The overall result is an impressive and fun movie that works pretty much exactly the way it should. For all its button pushing, Kick-Ass is a solid film because there’s more to it than swear words and over-the-top violence. It establishes its premise and sticks to it, throwing enough loops into the process to keep it cool and compelling along the way.

So, why did the film not do better at the box office? It’s a good question, because the clips shown last summer at Comic-Con generated a ton of buzz and the extensive marketing for the film was good enough to raise expectations way beyond the $20 million opening. Obviously, the best result that could have been hoped for was a hit on the order of 300, which also was an R-rated, stylized, violent movie based on a graphic novel that few outside of fandom would have heard of. The good news is it did far better than The Spirit, which was nowhere near as good a movie and earned a total domestic gross about equal to what Kick-Ass did its opening weekend. And given that Kick-Ass was made for about $30 million and was financed in traditional indie fashion by Vaughn and his partners, it’ll make back its money at some point.

But the questions that have the most impact on comic book movies overall is whether anyone is interested in seeing superhero movies that are either R-rated or based on characters not well known to the general public.

Lots of comics folks will look at the box office on Watchmen and this film and not go too much further. But it’s not just superheroes that have trouble these days with R ratings, as R-rated movies in general have become a niche market. The days when the perceived edge of an R-rating lead to big box office grosses for the likes of Beverly Hills Cop, Terminator 2: Judgment Day or The Matrix is largely over. What’s worked in the past decade for studios is PG or PG-13 tent poles that can travel, like Harry Potter, The Lord of the Rings, Spider-Man, the Star Wars prequels and Avatar.

As for lesser known comic book characters, I think it’s less of an issue for Hollywood than for comics fans. These days, Hollywood simply doesn’t make big movies that are not based on something — a comic, a book, a toy, an old TV show, a play or an old movie. And with Comic-Con still ground zero for taste making in fandom, even the least known superhero comics will continue to get at least a shot at the big screen. This is at least in part due to the fact that the big characters from Marvel and DC are already completely locked up, so anyone who wants to make a superhero movie will have to look elsewhere for a property to develop.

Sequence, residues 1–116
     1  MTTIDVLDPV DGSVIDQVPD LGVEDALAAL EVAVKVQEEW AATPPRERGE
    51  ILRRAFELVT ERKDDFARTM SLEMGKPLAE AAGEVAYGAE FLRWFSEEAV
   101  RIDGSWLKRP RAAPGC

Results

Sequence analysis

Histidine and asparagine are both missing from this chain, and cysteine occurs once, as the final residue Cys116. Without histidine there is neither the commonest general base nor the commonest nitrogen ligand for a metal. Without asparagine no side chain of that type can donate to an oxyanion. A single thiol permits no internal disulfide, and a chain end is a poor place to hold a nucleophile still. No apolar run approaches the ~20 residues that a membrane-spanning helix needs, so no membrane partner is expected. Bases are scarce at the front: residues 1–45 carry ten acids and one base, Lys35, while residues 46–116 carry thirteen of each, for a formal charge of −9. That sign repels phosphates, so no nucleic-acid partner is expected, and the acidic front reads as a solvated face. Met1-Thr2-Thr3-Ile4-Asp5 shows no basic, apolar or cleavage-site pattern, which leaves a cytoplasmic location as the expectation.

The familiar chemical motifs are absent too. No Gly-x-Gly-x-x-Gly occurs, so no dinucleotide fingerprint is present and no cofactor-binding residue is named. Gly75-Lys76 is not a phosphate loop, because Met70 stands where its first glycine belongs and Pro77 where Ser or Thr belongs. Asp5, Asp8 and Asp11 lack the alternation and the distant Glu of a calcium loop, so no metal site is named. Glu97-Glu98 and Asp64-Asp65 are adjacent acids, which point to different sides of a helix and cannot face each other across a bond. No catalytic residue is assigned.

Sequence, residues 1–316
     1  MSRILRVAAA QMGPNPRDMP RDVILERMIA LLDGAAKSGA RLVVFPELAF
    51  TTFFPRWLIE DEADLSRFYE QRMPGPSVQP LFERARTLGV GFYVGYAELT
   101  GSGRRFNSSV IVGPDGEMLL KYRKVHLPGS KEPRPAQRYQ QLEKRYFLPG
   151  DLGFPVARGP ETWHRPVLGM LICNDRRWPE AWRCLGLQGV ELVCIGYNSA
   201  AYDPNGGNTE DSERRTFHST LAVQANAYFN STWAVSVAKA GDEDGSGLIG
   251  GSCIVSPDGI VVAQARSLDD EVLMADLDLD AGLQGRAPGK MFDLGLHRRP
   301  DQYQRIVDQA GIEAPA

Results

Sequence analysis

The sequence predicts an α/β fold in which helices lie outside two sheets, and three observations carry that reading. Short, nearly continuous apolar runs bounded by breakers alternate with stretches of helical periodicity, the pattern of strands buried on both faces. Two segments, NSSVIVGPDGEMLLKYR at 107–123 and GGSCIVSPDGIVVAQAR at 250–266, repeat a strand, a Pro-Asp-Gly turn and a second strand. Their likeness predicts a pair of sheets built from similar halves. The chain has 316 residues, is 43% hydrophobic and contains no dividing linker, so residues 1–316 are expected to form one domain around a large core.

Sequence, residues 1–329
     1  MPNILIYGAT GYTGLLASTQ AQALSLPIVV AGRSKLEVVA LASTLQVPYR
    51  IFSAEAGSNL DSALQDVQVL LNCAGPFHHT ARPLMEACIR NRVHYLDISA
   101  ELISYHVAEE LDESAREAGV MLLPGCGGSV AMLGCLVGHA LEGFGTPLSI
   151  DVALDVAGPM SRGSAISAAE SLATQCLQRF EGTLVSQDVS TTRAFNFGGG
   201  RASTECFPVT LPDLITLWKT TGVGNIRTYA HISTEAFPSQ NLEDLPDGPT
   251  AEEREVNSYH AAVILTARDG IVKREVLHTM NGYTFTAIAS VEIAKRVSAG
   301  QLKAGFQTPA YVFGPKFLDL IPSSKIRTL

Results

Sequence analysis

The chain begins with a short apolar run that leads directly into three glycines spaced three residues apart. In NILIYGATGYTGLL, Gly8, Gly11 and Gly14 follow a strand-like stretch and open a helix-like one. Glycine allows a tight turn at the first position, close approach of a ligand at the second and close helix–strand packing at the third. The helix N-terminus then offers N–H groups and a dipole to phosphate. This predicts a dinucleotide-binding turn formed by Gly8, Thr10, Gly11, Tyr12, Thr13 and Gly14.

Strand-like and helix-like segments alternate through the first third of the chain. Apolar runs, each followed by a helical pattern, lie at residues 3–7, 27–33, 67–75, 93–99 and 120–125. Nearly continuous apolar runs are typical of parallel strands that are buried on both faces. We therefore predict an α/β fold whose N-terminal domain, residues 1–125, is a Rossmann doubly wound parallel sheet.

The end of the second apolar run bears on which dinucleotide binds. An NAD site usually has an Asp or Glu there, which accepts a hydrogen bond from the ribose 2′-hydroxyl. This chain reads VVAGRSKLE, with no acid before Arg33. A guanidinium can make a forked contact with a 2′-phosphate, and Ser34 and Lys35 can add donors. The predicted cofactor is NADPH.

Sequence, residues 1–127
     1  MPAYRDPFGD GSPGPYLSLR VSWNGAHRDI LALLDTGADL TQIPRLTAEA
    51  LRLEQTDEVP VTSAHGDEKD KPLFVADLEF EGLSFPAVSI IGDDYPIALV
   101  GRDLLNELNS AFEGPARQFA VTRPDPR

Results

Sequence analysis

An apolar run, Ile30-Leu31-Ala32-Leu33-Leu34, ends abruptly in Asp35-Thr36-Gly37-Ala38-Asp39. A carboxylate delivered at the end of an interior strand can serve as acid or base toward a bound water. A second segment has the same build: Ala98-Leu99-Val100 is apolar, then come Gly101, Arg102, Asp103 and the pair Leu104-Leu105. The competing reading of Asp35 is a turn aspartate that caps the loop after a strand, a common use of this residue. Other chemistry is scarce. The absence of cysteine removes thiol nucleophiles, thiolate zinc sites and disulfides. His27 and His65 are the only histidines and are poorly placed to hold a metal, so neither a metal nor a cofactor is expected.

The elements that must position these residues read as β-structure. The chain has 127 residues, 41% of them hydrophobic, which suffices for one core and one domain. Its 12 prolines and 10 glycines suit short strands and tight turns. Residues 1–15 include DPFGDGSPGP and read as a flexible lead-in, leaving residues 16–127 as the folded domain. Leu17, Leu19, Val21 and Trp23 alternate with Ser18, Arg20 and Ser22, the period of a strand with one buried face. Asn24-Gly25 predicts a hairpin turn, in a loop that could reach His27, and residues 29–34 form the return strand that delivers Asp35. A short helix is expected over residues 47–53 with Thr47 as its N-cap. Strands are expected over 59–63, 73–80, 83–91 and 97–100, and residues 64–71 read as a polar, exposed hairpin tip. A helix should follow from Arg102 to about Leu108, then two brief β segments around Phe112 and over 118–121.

Which brings me to The Losers, which is more of a typical action movie than a comic book movie. When I saw the movie, they played a preview for the upcoming reimagining of The A-Team, a movie that appears to be shooting for the exact same audience as The Losers.
The Losers, directed by Sylvain White, is a mixed bag. A lot of that has to do with it playing very heavily into the conventions of the action movie genre, which is even more well worn than the superhero genre. As such, this movie does a lot of the things that all action movies do — things that I think responsible for the genre’s decline and replacement by the superhero movie. Namely, that it avoids exposition or explanation of character or circumstance. In the real world, people who do high-end covert military operations are not exactly fun-loving, quippy or even likeable folks — except in action movies. 

That such people would also have Main Street-style patriotism and “honor” as their primary motivations also rings hollow in a real-world setting. The heroes in action movies also have no problem staging operations of massive destruction in public areas with almost no consequences to themselves or the world around them. The only such event that comes to my mind that’s even close to the kind of thing we see in action movies is that big showdown in Hollywood about 10, 12 years ago. Superhero movies work better because the fantasy elements are more obvious and force filmmakers to build stories strong enough to support them. They’re also easier to make work as PG or PG-13 movies, giving them a much wider potential audience to appeal to.